Bernardo M. Villegas
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Institution Building in South Korea (Dec. 31, 2012)

           A graduate mentee of mine at the University of Asia and the Pacific, Luis Montesclaros, made a very perceptive comparative study of the South Korean authoritarian model of Park Chung Hee (1963-1979) and a similar regime at almost the same time, that of President Ferdinand Marcos (1965-1986).  Doing a survey of literature about these two countries in East

Asia, he noted that both had previous experiences of occupation by foreigners (United States and Japan), and were reliant on external financing.  Despite these similarities, however, South Korea succeeded, while the Philippines failed, plummeting from one of the most developed economies in Asia after the Second World War in the 1950s to the "sick man of Asia" in the 1980s.  Over the same period, the Philippines grew only 0.4% in GNP per capita, while South Korea grew 8.2%.  Moreover, by the time the authoritarian regimes ended, the Philippines' debt-to-GNP ratio was at 90% while South Korea's was only 56%.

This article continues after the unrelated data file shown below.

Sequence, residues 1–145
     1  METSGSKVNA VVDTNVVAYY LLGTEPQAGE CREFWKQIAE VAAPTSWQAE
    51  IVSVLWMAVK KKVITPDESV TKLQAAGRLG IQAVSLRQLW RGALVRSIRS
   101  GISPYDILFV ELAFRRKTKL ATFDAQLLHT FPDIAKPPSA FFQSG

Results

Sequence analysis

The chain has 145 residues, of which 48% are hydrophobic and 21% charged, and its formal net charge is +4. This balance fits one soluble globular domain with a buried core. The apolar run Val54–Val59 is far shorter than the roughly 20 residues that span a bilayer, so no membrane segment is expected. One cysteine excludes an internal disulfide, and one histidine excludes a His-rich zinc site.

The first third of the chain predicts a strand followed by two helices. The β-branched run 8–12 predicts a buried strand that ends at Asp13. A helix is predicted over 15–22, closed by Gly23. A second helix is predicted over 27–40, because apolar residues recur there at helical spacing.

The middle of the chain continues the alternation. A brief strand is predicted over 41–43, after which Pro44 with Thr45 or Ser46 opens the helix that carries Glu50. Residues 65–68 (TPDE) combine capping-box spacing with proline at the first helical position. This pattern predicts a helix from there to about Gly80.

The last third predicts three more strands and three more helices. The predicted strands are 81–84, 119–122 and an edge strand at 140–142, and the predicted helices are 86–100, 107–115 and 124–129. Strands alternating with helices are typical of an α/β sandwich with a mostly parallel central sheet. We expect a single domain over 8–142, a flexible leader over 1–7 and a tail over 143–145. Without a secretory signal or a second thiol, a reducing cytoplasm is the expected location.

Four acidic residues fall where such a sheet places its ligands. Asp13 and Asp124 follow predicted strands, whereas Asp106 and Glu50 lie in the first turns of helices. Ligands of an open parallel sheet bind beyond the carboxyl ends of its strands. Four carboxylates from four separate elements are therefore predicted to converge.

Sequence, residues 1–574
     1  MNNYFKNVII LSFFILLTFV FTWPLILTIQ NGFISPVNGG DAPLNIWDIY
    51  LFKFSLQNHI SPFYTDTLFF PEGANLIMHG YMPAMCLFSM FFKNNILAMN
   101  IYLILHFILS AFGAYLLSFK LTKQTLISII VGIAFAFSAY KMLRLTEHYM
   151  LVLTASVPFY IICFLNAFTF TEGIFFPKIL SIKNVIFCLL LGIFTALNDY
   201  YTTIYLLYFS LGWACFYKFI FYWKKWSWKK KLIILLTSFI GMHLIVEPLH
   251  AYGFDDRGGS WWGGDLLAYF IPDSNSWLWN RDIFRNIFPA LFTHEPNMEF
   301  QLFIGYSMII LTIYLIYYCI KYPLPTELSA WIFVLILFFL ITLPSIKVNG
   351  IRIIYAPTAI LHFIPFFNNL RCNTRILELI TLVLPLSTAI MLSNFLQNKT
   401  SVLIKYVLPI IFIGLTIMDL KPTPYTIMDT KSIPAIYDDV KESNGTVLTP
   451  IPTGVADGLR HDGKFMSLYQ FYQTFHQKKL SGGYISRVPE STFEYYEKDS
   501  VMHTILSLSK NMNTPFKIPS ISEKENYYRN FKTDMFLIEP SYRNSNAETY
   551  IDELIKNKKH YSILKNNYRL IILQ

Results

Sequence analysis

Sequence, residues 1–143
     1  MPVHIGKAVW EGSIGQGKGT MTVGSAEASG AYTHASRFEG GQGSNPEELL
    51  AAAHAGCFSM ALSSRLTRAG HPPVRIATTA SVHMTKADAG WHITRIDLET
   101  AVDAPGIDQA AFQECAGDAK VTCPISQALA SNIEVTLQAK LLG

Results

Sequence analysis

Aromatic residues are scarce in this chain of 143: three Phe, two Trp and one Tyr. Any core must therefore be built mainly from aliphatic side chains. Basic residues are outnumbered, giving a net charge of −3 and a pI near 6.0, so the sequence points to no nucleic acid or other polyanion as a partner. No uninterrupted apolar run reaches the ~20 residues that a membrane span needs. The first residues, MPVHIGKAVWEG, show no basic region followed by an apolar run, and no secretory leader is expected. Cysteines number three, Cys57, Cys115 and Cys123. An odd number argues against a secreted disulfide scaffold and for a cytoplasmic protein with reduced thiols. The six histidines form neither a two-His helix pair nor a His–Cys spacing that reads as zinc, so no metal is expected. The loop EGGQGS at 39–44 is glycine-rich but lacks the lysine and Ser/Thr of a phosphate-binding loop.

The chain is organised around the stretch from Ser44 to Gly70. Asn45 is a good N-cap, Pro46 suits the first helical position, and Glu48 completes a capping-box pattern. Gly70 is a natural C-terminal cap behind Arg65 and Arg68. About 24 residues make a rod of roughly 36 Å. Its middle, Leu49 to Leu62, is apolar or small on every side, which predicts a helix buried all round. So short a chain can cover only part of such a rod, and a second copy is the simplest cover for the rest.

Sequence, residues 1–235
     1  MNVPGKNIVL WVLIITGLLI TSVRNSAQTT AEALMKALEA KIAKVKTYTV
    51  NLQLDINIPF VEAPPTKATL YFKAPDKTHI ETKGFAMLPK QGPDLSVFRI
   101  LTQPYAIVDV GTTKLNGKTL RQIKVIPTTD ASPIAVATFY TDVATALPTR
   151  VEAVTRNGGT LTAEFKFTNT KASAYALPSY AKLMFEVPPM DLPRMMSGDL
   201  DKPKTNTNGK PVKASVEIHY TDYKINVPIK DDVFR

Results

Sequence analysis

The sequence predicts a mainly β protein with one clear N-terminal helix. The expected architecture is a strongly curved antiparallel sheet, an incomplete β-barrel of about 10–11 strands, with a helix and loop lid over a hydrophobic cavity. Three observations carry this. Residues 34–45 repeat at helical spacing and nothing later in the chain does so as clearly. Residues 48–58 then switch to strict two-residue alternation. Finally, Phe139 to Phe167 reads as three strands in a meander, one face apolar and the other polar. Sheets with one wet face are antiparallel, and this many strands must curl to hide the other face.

South Korea followed the East Asian model of the last century which began with implementing authoritarian developmentalism as a way of government.  With this as base, the states increased the scope of government power in performing roles such as creation and regulation of markets, management of infrastructure spending (especially in the rural areas), and creating strong macroeconomic fundamentals.  This so-called "flying geese" process began with Japan, which registered high economic growth after rising from the shambles of the previous war, and then was followed by South Korea, Singapore, Hong Kong and a little later Thailand, which became a model of rural and agricultural development. 

          Citing the studies of Hyung A. Kim (2011), Montesclaros acknowledged the success of Park Chung Hee in implementing top-down reforms in order to abolish the patrimonial cycle that  characterized Korea under Syngman Rhee, the first President of the Republic of Korea.  Park did this by first removing the chaebols, the group of heads of the biggest industries which had the power to obstruct reforms by refusing to cooperate.  The chaebols had in their hand the ability to generate the necessary economic growth.  Then through a masterful strategy of getting their cooperation, Park gave them back their positions and resources on condition that they invest in the new firms that were being built for the reconstruction of South Korea.  He also created a civil body of advisers who helped craft the Comprehensive Five Year Economic Plans of South Korea.